Extinction as a deadly serious matter

The vaquita issue speaks of a general need for better accountability in multilateral environmental agreements. In addition, it speaks of the broader and often less advertised international crisis of the pet trade. Initiatives such as CITES have been launched by 179 countries that agreed to work together to fight illegal wildlife trade through stricter regulation and global cooperation. In the US, the Managing Authority (FWS) division of the Fish and Wildlife Service (FWS), within the Department of the Interior (DOI), along with the Office of Law Enforcement, is responsible for both the implementation and enforcement of CITES.

Often missed in the mass media is the unsustainable and growing illegal wildlife trade that is estimated to be a multi-billion dollar business. This practice involves harvesting and trading live animals and plants or parts and products derived from living organisms. These broad criteria include hides, leather goods or souvenirs, food and parts for traditional medicines, pets and more. In 2019, a story drew media attention from 11 individuals who were arrested and prosecuted for smuggling totoaba swim bladders from Mexico worth an estimated US$119 million. The report continued to highlight how these individuals allegedly brought in 20,000 swim bladders of totoaba fish and sold them in China. Similarly, other endangered animals that have been spotted on the black market include Pangolins, a species that some scientists are hailing the Coronavirus from China, due to the belief that their scales have medicinal value in certain parts of Asia. Similarly, following the report on the totoaba smugglers, a rhinoceros horn worth $1 million was found at an airport in Hong Kong. This illegal wildlife trade threatens not only the species, but also the ecosystems and local communities that depend on it. Global institutions must work together to fight this illegal practice, but a lack of enforcement or accountability on the one hand can lead to broken relationships, as the vaquita case shows.

What can we do about it?

Several initiatives have been taken to address this problem. In 2015, the Mexican government imposed a partial ban on gillnets. This decision was made permanent in 2017 when Mexican President Enrique Pena Nieto signed a Memorandum of Understanding (MoU) along with Hollywood actor Leonardo Dicaprio and Mexican telecom billionaire Carlos Slim. At the multilateral level, in 2015, the FWS organized parties between China, the US and Mexico to tackle the illicit trade of totoaba, which was subsequently included in CITES in 2016. That same year, the US and Mexican presidents announced a bilateral cooperation strategy to protect the vaquita. A measure developed by CIRVA and initiated by Mexico’s National Institute of Fisheries (INAPESCA) and the World Wildlife Foundation (WFF) Mexico was the establishment of an international committee of experts to further develop and urgently develop vaquita-safe fishing technologies. implement.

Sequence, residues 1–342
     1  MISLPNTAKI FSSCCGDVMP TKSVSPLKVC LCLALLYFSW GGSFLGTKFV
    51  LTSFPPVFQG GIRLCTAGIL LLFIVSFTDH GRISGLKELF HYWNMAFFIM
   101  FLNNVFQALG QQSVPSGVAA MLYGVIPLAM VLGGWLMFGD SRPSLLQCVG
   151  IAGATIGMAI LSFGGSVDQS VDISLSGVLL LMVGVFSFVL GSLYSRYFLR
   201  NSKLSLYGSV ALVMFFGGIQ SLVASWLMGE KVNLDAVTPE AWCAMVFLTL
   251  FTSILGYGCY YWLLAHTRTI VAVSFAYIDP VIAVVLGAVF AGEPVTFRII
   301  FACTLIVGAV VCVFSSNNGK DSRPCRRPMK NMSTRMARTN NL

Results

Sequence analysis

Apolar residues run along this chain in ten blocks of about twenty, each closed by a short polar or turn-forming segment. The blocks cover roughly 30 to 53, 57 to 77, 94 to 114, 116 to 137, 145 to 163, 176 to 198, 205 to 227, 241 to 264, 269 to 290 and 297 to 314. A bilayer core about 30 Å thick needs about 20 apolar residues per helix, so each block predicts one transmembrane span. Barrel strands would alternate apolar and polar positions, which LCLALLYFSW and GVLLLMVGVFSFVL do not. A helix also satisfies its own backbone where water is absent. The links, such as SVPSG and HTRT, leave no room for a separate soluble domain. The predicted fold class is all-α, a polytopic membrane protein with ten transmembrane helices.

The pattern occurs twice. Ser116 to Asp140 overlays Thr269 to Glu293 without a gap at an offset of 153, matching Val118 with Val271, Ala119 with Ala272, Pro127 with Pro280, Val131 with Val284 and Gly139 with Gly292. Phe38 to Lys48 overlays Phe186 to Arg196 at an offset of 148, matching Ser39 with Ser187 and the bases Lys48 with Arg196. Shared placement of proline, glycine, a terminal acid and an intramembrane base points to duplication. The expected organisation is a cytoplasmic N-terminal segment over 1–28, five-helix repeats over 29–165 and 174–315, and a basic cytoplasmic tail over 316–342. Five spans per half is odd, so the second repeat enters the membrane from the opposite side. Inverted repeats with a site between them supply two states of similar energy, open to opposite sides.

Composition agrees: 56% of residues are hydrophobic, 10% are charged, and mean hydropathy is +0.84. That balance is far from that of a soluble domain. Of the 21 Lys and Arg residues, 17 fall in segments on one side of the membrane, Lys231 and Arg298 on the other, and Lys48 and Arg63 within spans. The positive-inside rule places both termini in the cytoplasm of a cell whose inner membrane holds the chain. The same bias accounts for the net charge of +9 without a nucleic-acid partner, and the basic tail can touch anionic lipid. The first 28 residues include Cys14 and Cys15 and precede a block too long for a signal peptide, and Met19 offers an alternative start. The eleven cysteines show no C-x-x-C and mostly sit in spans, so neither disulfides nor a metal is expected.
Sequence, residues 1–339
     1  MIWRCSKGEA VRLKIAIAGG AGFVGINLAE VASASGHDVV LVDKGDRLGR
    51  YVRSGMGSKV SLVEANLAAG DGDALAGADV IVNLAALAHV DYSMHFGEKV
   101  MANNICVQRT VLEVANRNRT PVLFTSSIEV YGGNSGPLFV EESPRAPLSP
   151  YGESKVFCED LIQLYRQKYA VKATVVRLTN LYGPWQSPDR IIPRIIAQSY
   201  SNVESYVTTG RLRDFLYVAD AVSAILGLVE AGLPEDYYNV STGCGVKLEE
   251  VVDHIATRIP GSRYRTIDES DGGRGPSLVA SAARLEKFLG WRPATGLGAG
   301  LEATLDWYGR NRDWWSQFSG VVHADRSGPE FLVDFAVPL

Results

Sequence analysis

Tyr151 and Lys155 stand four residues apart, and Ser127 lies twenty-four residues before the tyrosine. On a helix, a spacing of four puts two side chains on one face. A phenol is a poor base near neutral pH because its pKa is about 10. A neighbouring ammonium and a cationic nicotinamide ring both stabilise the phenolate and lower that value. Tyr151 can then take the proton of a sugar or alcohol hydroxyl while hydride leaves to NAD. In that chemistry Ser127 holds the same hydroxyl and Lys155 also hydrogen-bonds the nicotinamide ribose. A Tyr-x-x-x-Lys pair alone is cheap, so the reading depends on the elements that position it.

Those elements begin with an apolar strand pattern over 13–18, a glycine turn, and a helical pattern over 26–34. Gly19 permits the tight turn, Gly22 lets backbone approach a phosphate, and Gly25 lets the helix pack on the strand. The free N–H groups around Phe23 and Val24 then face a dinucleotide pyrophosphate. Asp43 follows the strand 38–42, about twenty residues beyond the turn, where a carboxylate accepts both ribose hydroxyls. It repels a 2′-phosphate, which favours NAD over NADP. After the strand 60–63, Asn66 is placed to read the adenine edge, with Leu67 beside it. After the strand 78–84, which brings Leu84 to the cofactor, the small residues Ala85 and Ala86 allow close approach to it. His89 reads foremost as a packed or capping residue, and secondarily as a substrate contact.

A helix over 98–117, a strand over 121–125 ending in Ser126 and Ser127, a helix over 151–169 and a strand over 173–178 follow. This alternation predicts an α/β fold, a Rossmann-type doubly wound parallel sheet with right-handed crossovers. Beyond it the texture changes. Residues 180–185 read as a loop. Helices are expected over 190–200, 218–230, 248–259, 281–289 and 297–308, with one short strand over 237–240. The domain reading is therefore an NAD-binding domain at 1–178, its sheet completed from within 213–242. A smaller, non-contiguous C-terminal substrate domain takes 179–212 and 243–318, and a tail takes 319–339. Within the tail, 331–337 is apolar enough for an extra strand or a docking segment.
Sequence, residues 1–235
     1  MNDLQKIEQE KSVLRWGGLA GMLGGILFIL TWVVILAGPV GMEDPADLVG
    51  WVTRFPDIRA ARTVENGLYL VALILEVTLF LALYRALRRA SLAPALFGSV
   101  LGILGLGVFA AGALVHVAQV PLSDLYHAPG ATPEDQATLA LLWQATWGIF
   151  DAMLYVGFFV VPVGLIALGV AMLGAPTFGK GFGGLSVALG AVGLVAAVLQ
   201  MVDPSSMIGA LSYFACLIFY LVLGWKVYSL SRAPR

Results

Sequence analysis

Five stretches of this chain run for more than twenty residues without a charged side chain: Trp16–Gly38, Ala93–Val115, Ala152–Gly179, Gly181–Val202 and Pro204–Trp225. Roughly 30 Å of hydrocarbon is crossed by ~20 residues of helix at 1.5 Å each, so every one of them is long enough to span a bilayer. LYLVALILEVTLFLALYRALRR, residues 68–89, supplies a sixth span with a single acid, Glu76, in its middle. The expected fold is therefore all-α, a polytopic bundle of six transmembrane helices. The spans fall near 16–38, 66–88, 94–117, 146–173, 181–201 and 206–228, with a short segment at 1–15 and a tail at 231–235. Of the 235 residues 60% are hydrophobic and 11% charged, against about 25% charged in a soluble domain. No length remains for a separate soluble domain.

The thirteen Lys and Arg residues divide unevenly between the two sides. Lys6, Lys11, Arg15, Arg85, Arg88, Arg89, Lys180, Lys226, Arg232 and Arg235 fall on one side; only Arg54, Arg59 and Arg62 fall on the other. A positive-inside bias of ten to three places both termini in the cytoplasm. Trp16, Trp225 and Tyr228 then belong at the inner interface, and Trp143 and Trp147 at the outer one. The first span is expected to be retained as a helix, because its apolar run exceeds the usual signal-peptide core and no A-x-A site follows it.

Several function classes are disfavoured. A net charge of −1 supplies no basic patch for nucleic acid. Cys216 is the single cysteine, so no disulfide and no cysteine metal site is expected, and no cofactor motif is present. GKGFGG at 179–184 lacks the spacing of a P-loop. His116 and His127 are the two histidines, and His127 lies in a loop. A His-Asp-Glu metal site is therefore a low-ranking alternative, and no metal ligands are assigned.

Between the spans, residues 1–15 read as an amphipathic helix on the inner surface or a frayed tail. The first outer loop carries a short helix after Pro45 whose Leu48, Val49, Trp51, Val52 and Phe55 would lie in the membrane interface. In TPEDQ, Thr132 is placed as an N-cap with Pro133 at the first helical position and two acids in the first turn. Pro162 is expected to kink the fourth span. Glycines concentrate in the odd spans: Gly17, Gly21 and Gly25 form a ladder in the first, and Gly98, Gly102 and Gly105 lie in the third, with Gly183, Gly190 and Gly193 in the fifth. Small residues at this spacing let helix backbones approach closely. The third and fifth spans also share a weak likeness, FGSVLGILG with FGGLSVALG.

The problem remains that nets designed for the totoaba harm the vaquita. Therefore, at a scientific level, marine mammal researchers are looking for ways to conserve the remaining population by proposing radical or risky conservation actions. Some ideas include finding ways to safely transport vaquitas to safer man-made sanctuaries, which can be both traumatizing and deadly to an endangered species. Another involves finding ways to promote breeding.

Other organizations such as CIRVA recommend both policy and scientific action for the government of Mexico. In their 2019 final report, they proposed to fully fund and expand net removal efforts in vaquita protected areas. Similarly, initiatives were recommended for round-the-clock surveillance and monitoring, protection for net removal teams and prosecution of illegal fishing. An extremely successful example of conservation comes from the city of Cabo Pulmo, Mexico. This Mexican town used to be a fishing village, but overfishing caused extreme damage to the sea. In 1995, local residents petitioned to mark the area as a Marine Protected Area (MPA), and this change allowed them to receive funding and protect the local reef. 22 years later, the 27-square-mile MPA has seen a 500 percent biomass return and an economic uptick through commercial tourism to see the restored reefs. A similar dynamic occurred in Turkey’s Conservation Bay. Currently, only 6.4 percent of the world’s ocean is MPA, but this strategy has been a very effective way to save reefs and endangered species.

While the most recent 2022 data shows a devastating approach to the remaining vaquita, scientists remain optimistic. Even with such a reduced population, there is some evidence that the vaquita may still be biologically viable if given the space and time to recover. The problem of endangered species is not a new phenomenon, nor should it be a general phenomenon. However, as past examples have shown us, such as the revitalization of the Turkish Conservation Bay, if individuals take collective action from all sides, scientific, political and social, recovery is possible.